Recently #42-07 moved off the refuge to a private cranberry farm that some of the birds, including #316, use during the summer and fall. Eva contacted the landowners who had been seeing the two birds and when they called her back yesterday to tell her she could come on to the farm they told her the birds were standing in one of the cranberry beds. This gave Eva a perfect view to observe the birds from a distance and read the color bands on the mystery bird. Eva called to say it was indeed #316! We're all excited to have this mystery solved. Also, this is the first time #316 has been confirmed since he was on a migration stop in IN in early March. We're also excited for #316 to have a new mate. He lost his
mate (#312) two years ago after #311 lost his mate and proceeded to
woo/steal #312 away from him.
#316 and DAR #42-07
#402 and DAR #46-07
(observed building nest)
#216 and #716

#307 and #726
(observed building nest)

#707 and DAR #39-07 (built nest)

Many New Pairs
Perhaps what's most exciting is the number of new pairs that formed this
spring. They mostly consist of 2-year-old females and older males. We don't know if these new pairs will last, but it's a good sign. And it's a
good start for these 2-year-old females to be pairing already.

If these pairs stay together it could be a very good sign for next year. For example, last year W601 was just 2 years old but she paired with #310 and they built a nest. This year as a 3-year-old W601 produced an egg— a good step even though the pair quickly abandoned their nest and the egg was destroyed.

First-time Pairing for Three DAR Females!
The other exciting news is these pairs contain 3 DAR females — the first DAR birds to show signs of pairing! We're very excited about that.

A Mate for #216!
Additionally, some of us who have followed these birds for a long time are particularly excited to see #216 finally get a mate. He has been single ever since he broke his leg in spring of 2006. He had been paired but the pair broke up during spring migration in MN when he became injured and by the time he made it back to Necedah his mate had found a new mate. Even though he tried he couldn't get her or his territory back. His leg healed and he looks perfectly normal except that the leg that was broken dangles a little bit when he flies. He has tried to find a new mate and never been successful, so we're glad he found #716 and we hope the pair lasts.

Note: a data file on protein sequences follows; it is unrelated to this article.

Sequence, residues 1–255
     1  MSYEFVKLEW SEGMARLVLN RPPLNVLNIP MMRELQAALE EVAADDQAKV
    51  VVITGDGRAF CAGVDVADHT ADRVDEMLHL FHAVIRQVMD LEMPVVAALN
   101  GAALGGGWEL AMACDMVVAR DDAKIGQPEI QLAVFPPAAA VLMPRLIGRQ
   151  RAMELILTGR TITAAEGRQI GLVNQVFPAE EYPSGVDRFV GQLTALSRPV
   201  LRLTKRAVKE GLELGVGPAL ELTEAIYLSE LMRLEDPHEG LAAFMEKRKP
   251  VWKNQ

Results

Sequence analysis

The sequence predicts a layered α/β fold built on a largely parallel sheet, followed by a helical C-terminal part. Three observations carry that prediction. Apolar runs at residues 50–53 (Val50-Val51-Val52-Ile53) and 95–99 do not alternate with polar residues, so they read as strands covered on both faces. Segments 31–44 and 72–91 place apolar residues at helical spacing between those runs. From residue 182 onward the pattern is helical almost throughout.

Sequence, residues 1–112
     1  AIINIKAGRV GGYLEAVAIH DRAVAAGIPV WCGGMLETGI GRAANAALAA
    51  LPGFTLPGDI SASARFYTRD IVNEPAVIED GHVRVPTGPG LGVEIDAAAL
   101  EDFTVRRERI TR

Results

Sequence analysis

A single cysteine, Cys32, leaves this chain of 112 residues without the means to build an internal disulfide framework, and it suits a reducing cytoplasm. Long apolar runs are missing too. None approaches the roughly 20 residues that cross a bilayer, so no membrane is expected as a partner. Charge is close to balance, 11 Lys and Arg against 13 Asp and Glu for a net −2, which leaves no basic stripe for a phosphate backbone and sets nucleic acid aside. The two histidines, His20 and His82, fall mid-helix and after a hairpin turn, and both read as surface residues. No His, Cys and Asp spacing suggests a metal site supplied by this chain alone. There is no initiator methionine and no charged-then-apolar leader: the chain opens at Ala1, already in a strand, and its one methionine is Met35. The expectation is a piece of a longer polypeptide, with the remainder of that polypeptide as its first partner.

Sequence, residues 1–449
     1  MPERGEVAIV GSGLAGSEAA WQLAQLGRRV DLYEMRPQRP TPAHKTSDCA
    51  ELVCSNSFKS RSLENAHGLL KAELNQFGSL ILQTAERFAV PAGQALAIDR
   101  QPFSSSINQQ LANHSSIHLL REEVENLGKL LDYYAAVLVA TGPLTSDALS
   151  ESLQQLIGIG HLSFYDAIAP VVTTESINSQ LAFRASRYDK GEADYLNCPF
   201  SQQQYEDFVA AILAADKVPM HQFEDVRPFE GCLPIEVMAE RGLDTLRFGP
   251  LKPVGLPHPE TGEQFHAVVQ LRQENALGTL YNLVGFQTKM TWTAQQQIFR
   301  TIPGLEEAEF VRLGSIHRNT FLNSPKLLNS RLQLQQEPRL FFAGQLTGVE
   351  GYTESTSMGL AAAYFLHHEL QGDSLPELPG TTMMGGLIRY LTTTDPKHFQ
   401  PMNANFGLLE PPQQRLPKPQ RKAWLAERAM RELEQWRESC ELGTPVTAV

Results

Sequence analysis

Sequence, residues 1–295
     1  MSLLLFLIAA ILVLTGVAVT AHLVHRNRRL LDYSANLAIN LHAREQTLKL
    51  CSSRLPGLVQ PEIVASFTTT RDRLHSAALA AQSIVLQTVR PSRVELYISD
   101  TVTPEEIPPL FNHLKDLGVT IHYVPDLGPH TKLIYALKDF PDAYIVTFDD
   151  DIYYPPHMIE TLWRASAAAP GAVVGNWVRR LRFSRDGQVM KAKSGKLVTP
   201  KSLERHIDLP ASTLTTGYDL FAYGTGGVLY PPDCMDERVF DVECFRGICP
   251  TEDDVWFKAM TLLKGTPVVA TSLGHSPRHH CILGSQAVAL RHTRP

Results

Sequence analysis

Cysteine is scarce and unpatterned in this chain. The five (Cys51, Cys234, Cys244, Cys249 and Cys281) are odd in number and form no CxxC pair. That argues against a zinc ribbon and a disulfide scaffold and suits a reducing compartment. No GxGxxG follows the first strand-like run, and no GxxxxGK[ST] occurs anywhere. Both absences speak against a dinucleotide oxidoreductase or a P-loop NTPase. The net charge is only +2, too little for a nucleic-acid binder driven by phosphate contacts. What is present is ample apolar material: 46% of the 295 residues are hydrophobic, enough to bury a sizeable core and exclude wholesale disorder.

Update on the Class of 2008
The 15 remaining 2008 birds (see losses) are in the midst of spring wandering so that's keeping Eva and Jess very busy. Most of them are just moving around in WI but as we mentioned last week #19-08 traveled all the way to ND. This week he was in Minnesota, and we hope maybe he's on his way back to Necedah.

Birds of 2009 Hatching
Just as the 2008 birds (hopefully) begin to settle down, things will get
busy for us at ICF with the 2009 birds hatching. Chicks are already
hatching at Patuxent for the ultralight part of the reintroduction project. It will be a few more weeks before we start hatching any chicks for the DAR part of the project. The captive birds at ICF start laying eggs later than the birds at Patuxent and the other breeding centers, so we haven't gotten that many eggs from our ICF birds yet. We did have one early fertile egg, which we sent to Patuxent. We have one other fertile egg at ICF right now and three others that are still too young to know if they're fertile or not. Time will fly by and before we know it we'll have chicks!

And. . .
I hope all of you have a wonderful summer and remember to check back in with Journey North in the fall to see what's happening with the Whooping cranes then. Until the fall, take care.

Sara Zimorski
Aviculturalist, ICF